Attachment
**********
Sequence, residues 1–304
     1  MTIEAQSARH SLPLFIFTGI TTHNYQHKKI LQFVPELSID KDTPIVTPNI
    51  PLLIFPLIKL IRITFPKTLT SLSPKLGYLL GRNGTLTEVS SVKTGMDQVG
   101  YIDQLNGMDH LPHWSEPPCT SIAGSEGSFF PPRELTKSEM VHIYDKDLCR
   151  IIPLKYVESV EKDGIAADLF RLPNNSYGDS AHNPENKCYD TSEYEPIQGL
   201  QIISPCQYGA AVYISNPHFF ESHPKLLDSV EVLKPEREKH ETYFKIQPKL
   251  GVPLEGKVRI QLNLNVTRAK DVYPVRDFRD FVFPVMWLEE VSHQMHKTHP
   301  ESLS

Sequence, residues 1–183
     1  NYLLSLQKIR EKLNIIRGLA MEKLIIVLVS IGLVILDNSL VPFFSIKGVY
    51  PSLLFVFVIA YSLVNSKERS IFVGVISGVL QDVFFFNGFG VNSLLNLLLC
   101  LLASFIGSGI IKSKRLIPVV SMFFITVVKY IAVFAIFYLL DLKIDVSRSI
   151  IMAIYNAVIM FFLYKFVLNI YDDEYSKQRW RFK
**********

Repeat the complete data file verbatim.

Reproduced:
Sequence, residues 1–304
     1  MTIEAQSARH SLPLFIFTGI TTHNYQHKKI LQFVPELSID KDTPIVTPNI
    51  PLLIFPLIKL IRITFPKTLT SLSPKLGYLL GRNGTLTEVS SVKTGMDQVG
   101  YIDQLNGMDH LPHWSEPPCT SIAGSEGSFF PPRELTKSEM VHIYDKDLCR
   151  IIPLKYVESV EKDGIAADLF RLPNNSYGDS AHNPENKCYD TSEYEPIQGL
   201  QIISPCQYGA AVYISNPHFF ESHPKLLDSV EVLKPEREKH ETYFKIQPKL
   251  GVPLEGKVRI QLNLNVTRAK DVYPVRDFRD FVFPVMWLEE VSHQMHKTHP
   301  ESLS

Sequence, residues 1–183
     1  NYLLSLQKIR EKLNIIRGLA MEKLIIVLVS IGLVILDNSL VPFFSIKGVY
    51  PSLLFVFVIA YSLVNSKERS IFVGVISGVL QDVFFFNGFG VNSLLNLLLC
   101  LLASFIGSGI IKSKRLIPVV SMFFITVVKY IAVFAIFYLL DLKIDVSRSI
   151  IMAIYNAVIM FFLYKFVLNI YDDEYSKQRW RFK